"Man’s power of choice enables him to think like an angel or a devil, a king or a slave. Whatever he chooses, mind will create and manifest.""Our power of choice is the greatest blessing we have, for with it comes the ability to select the mental states we entertain and hence our experiences. The encouraging feature of what appears a discouraging problem is that as we change our inner mental state, our outer experiences will change in conformity to it. To the extent that we learn to control our mental states, we control our lives. I cannot emphasize often enough the extremely great importance of 'I choose.' Cultivate conscious, deliberate choice."
Fredrick Bailes (1889 - 1970)
It's time to throw some props Uncle Fred's way. He was my great-uncle, my mother's father's brother. Like my grandfather, Uncle Fred started out as a conventional minister. Then he became a visionary, one of the founders of the Science of Mind Church, and the origin of much of the current New Thought and Healing movement. So many of the new agers would be surprised to know that he published his first book in the 1940's, describing the importance of mental choices to our happiness and health.
Dr. Frederick Bailes was born into a family of pioneers in New Zealand and was educated to be a medical missionary. Just as he was completing his training he was found to have diabetes, a so-called “incurable” condition at the time (1915), which prevented him from entering his work. Shortly afterward, he came across the writing of Judge Thomas Troward and began to develop a philosophy for living which led to his complete recovery long before the discovery of insulin. Later, as a student at a large London hospital, Fred closely observed the mental factors which entered into the recovery of patients and noticed that certain fundamental thought-patters invariable produced bodily reactions. By stimulating his patients causative mental patterns toward healing, Fred soon found remarkable results.
Frederick Bailes was among the most popular and important teachers of the Science of Mind. Dr. Bailes served with Science of Mind founder Ernest Holmes as Assistant Dean of the Science of Mind Institute in Los Angeles. He also headed the largest Science of Mind church of its day. In addition, Dr. Bailes was an accomplished metaphysical healer, having healed himself of a so-called incurable disease, using the very technique – “Treatment” – that he explains in these Lessons. “The Science of Mind philosophy,” says Dr. Frederick Bailes, “is not a few psychological tricks; it is a life to be lived.”
Uncle Fred gave weekly lectures to capacity audiences in Los Angeles and was well known for his twice-weekly radio broadcasts. He is also the author of Your Mind Can Heal You; Basic Principles of the Science of Mind; The Healing Power of Balanced Emotions; and Collected Essays of Frederick Bailes.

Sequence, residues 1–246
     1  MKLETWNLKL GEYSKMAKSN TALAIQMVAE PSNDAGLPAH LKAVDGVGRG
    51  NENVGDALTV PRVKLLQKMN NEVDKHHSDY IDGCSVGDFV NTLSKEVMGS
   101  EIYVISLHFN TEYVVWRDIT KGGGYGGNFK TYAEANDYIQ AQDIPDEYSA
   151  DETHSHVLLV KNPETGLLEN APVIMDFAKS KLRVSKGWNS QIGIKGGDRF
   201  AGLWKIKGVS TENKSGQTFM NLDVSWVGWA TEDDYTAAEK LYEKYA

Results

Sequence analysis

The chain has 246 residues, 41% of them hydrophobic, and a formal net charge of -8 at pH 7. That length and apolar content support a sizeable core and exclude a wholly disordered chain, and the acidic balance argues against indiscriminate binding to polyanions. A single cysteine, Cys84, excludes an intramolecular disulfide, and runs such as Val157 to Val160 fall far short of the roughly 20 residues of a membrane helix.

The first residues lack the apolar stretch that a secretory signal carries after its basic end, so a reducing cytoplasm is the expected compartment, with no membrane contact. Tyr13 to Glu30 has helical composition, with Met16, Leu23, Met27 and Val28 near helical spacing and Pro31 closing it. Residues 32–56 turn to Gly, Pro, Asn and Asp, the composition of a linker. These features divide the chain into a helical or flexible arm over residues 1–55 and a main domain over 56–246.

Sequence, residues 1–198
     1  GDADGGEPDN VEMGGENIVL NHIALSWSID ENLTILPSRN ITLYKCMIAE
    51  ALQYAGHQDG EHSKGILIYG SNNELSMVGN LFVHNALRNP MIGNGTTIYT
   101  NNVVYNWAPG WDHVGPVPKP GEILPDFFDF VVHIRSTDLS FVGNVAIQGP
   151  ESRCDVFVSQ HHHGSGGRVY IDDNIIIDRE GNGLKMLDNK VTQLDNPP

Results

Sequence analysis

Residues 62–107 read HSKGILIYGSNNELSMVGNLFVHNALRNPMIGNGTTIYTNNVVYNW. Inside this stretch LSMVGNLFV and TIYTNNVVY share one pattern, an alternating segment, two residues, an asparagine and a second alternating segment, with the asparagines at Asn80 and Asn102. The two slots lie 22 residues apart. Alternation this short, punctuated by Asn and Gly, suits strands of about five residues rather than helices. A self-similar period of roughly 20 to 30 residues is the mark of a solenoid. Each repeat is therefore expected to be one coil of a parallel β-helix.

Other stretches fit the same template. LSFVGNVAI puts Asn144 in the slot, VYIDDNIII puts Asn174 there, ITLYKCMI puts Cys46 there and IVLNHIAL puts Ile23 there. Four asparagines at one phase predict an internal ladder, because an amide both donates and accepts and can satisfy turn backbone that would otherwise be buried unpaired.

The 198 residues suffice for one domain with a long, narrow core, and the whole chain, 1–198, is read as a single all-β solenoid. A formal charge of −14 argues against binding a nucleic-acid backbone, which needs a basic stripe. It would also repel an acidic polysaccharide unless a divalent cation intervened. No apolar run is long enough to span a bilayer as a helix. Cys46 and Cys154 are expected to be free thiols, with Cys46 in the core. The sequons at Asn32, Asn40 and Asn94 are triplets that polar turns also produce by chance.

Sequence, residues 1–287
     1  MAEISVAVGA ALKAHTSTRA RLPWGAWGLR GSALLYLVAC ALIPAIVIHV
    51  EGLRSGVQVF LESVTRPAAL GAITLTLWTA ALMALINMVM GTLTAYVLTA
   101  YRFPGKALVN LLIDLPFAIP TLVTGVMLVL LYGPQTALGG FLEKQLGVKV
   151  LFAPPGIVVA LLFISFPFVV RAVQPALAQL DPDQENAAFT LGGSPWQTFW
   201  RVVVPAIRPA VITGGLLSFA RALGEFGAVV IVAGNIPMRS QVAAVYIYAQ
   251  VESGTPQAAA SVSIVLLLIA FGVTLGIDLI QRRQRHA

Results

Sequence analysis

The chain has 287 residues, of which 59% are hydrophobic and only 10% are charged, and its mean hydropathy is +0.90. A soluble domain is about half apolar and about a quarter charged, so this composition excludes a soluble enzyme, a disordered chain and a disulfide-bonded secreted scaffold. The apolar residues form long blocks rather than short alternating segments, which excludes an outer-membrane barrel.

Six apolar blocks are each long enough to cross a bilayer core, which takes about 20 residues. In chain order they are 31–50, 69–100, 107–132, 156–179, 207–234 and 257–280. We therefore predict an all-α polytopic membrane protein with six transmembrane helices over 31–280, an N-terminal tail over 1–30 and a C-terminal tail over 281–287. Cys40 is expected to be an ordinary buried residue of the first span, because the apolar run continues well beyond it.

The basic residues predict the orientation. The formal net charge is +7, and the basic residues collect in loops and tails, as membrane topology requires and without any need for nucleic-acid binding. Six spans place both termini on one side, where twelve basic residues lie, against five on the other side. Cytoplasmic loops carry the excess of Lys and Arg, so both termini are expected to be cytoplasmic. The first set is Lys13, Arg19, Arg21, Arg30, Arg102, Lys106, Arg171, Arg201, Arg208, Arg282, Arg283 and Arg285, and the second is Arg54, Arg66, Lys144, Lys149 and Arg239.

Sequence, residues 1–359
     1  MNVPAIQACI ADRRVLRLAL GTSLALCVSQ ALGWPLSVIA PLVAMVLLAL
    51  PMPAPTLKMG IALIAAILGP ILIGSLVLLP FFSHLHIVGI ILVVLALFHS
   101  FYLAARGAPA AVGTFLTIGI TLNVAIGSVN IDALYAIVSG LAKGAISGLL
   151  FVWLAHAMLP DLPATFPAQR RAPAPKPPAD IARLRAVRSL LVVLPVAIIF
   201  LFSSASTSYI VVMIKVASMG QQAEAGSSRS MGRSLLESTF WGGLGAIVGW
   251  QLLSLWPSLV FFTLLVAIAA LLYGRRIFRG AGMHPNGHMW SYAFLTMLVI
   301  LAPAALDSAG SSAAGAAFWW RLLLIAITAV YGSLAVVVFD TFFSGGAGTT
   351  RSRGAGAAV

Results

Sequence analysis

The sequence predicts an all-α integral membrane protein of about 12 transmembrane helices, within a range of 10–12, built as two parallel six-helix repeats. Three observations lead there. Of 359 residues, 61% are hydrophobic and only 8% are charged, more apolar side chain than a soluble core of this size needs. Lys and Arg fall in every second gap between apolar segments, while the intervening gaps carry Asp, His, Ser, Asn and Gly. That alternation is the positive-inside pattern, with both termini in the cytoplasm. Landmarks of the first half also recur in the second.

In his book Your Mind Can Heal You he gives a seven step approach to spiritual mind treatment. It starts, he says, "with the fundamental truth that the person for whom we are treating is a perfect idea in the Mind of God, and our whole procedure during a treatment is intended to remove from our own mind any idea or picture of imperfection or sickness." The logic is simple: If the mind can create certain thought-patterns that result in illness, the mind can therefore also create certain thought-patterns that can lead to and maintain wellness. Fred's books have been studied for generations by countless New Thought followers around the world, but the impact of his work is now being re-discovered as medical professionals, researchers, and mainstream media echo his sentiments and awaken to this healing philosophy.
He wasn't just a healer -- he demonstrated that these principles could be applied to any situation in life with remarkable results. Hidden Power for Human Problems, published in the 50's and in print ever since, explains this way of life. HPHP, his most accessible, least "mystical", most practical book was also his biggest success.
I knew very little of this side of Uncle Fred when I knew him as a child. By then, he had retired from the active ministry, although he still wrote and lectured. He lived in the tiny community of Tweedy Lake, California, in the high desert not far from what is now a booming, if distant, suburb of LA, Canyon Country. It was also directly on the San Andreas Fault, a fact that deterred my mother from buying property in the beautiful area. He lived close to nature; one of the most magical memories of my childhood was helping him with the nightly feeding of the native quail, which then (1960's, before their habitat was decimated by developers) would blacken the skies in huge, wheeling flocks as we scattered the seed he kept by the bushel-load in the garage. He was marvelous with children and I felt unconditional love for this jolly, humble man with the charming New Zealand accent. He showed me how to plink away at tin cans (never a live target) with my older brothers' kiddie rifle, the only time I have ever fired a gun. He was an inveterate hiker, and showed me how to appreciate the subtleties of nature in the high desert. Later in life, he was not as mobile, but I treasured my visits to Tweedy Lake.
Also like my grandfather, he had a regular radio program, and for years after Fred's passing I would occasionally come across a repeat airing, and learned what an influential thinker he was. I have always had a soft spot for the truly spiritual, the true philosophers, and for that I thank the Bailes brothers. (One of my brothers has an uncanny resemblance to photos of both Uncle Fred and my grandfather in their youth. I wish he could access more of his inner life, as they did. But that's another story.)